Photos are still forthcoming. I actually didn't take many photos at Slavic University because I was busy doing other things. You can go to the photo gallery mentioned at the end of the previous entry if you really are curious. Most of the pictures I've still got on my memory card are of various steps in the process of making five margučiai last month.
Yesterday someone asked me (on my LiveJournal account) whether I'd been able to find any documentation that Lithuanians made and drank krupnikas in period. Krupnikas, of course, is that dense honey liqueur that Sfandra was offering to fellow Slavik University attendees.
I responded with various links that I picked up from various Web searches. To summarize, I found some online claims that Lithuanians invented krupnikas during the SCA period, without any evidence to back it up, and I also found claims that viryta (another variation on the honey-liqueur theme) was dreamed up by Lithuanian-Americans in Maryland and Pennsylvania.
As I told my correspondent, I have a hard time believing that the immigrants of a century ago invented honey liqueur out of the clear blue sky. I suspect it was a recreation of something they had drunk back in their homeland. (And of course, all the recipes for krupnikas and viryta are a little different from each other, because families individualize the stuff the way they do with meatloaf, spaghetti sauce, and whatnot.) Now, there is no guarantee that Lithuanians were drinking that stuff back in the Middle Ages and Renaissance -- a lot of "folk music," "folk dress," "folk dancing," etc. turns out to be way post-period. (Side note: I have no idea whether this honey krupnikas is at all related to Polish raspberry krupnik, which is basically berries marinated in vodka.)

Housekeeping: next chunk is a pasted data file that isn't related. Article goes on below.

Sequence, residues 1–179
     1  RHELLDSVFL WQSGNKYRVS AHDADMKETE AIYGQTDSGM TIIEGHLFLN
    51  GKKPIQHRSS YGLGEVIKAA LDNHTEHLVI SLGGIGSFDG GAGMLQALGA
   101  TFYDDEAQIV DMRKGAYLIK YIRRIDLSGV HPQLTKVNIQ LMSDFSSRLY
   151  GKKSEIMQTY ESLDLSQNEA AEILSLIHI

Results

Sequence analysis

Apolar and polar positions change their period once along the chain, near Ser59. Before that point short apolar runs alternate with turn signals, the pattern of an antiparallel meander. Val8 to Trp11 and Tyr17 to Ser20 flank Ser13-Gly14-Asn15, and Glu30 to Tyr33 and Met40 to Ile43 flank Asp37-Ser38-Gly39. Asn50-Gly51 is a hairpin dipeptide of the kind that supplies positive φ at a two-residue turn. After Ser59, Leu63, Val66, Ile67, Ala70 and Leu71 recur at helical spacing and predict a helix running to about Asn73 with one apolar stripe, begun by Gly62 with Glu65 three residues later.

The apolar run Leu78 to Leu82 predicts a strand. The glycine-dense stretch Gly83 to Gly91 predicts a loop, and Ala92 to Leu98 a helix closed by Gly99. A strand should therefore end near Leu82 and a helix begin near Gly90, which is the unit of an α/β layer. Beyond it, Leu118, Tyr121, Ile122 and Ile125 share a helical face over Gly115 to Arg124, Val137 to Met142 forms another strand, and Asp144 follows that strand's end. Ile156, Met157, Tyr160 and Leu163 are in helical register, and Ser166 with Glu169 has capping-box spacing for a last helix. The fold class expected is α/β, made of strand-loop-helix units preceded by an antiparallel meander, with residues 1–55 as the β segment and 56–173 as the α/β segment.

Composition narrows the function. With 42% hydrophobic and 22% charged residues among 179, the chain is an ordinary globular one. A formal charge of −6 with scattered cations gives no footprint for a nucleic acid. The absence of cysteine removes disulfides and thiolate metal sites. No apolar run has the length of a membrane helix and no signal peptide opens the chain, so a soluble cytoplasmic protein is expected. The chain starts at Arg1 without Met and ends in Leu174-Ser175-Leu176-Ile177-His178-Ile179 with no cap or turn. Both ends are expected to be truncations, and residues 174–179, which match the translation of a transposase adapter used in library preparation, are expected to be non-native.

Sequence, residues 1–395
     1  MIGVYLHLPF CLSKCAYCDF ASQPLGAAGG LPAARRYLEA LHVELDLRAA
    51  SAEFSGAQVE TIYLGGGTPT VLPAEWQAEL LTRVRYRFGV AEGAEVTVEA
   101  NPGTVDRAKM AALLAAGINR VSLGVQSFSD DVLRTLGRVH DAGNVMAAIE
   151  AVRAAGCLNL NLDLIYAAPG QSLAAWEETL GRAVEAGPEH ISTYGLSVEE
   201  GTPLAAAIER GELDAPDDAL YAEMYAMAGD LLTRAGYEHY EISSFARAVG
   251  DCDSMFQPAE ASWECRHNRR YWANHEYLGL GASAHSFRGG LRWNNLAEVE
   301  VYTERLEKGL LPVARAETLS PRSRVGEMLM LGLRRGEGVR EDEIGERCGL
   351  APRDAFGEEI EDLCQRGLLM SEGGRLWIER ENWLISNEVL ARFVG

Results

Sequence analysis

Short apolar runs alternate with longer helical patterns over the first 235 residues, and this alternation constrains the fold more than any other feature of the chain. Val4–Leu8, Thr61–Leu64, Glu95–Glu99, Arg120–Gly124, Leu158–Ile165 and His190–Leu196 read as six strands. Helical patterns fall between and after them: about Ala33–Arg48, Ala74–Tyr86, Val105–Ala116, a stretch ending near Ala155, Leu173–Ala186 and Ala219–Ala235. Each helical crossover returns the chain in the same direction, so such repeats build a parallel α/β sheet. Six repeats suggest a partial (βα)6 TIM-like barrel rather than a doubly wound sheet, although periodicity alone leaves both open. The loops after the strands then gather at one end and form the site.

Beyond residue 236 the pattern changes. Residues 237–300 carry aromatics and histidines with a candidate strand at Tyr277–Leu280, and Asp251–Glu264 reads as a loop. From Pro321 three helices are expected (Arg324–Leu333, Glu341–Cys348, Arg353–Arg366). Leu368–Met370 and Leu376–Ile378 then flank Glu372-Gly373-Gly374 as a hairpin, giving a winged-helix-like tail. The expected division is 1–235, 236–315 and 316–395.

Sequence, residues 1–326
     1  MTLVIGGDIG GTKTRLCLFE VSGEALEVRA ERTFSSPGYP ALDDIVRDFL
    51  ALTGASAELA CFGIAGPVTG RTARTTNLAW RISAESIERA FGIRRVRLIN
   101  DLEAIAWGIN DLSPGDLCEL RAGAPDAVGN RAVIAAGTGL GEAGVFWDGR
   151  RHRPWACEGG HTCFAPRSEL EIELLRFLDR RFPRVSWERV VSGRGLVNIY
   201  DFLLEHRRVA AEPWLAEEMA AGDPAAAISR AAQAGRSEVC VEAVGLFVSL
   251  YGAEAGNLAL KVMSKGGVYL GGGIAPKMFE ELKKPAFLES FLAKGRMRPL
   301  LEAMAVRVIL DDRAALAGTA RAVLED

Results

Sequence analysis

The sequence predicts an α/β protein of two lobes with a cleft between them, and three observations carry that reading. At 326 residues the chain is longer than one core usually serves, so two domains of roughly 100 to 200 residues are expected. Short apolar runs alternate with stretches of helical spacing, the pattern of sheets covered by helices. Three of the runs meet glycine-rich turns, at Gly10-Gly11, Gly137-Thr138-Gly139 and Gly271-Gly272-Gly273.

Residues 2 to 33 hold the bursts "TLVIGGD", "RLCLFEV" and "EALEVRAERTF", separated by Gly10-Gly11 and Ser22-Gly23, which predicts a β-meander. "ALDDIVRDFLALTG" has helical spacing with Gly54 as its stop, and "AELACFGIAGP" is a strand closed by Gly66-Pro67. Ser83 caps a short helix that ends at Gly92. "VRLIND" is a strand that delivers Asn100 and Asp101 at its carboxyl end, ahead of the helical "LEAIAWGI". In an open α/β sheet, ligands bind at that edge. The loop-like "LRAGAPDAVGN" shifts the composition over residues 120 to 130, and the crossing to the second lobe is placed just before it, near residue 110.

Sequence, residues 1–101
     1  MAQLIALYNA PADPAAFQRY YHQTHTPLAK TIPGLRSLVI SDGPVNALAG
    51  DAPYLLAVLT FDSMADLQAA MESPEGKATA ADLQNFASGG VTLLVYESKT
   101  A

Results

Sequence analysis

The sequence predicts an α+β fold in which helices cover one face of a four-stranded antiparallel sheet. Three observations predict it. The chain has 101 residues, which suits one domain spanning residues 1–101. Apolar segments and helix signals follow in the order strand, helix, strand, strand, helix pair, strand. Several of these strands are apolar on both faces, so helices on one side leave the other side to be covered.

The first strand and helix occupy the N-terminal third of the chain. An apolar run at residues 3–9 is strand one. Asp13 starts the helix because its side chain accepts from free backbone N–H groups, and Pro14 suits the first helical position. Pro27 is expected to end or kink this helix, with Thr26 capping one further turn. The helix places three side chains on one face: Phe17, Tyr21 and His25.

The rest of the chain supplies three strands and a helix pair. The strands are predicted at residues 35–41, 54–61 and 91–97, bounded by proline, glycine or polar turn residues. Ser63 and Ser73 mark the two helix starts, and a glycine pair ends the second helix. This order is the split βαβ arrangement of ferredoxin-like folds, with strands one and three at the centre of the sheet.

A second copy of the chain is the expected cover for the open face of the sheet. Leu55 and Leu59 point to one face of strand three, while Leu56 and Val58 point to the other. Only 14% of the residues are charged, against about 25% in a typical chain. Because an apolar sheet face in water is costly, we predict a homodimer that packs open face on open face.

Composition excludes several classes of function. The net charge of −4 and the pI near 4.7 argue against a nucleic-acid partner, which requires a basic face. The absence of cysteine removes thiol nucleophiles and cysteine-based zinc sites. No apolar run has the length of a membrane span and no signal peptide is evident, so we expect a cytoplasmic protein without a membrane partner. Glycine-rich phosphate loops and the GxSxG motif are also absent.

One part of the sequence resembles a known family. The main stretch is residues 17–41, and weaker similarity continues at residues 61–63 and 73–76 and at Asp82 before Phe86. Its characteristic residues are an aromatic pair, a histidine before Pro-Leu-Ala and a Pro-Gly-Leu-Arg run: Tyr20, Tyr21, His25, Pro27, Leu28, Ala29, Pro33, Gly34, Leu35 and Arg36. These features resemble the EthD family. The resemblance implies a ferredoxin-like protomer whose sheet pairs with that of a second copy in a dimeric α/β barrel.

I can't resist delving into all things Lithuanian, so I decided to do a little Web surfing to check out some of the claims in one of the articles. Long story short, I ended up on a Web site with high-resolution scans of the city maps from the multivolume atlas Civitates orbis terrarum, published between 1572 and 1617. It turns out that collaborators Georg Braun and Franz Hogenberg included Vilnius in the third volume of the atlas (1581). Here's what their bird's-eye view of Vilnius looked like:
Now, at this point in my research I'm not so worried how the streets were laid out -- I'm much more interested in the people in the foreground. The site "Working-Class Images" has a close-up view of the man and woman in the center of the foreground. At last -- a period idea of what very ordinary people looked like, not just the fancy Elzbieta and Barbora! Something I might actually be able to sew for myself with my limited skills, too.
The map of Riga, Latvia, also published in 1581, has much less detailed images of people -- nothing for the clothier to take note of there. However, the map of Gdansk from the second volume of the atlas (1575) has several women in the foreground. Their gowns look more detailed and seem to have more German influence than their Lithuanian cousins, but again, they look like ordinary folk and not royalty.
I'm really, really glad I found these resources, because even though I can buy a pattern to make a Cranach-style gown, modifying it and encrusting it to look something like this portrait of Barbara Radziwill would be a bit beyond my skill level. Now I can set some realistic garb-creation goals.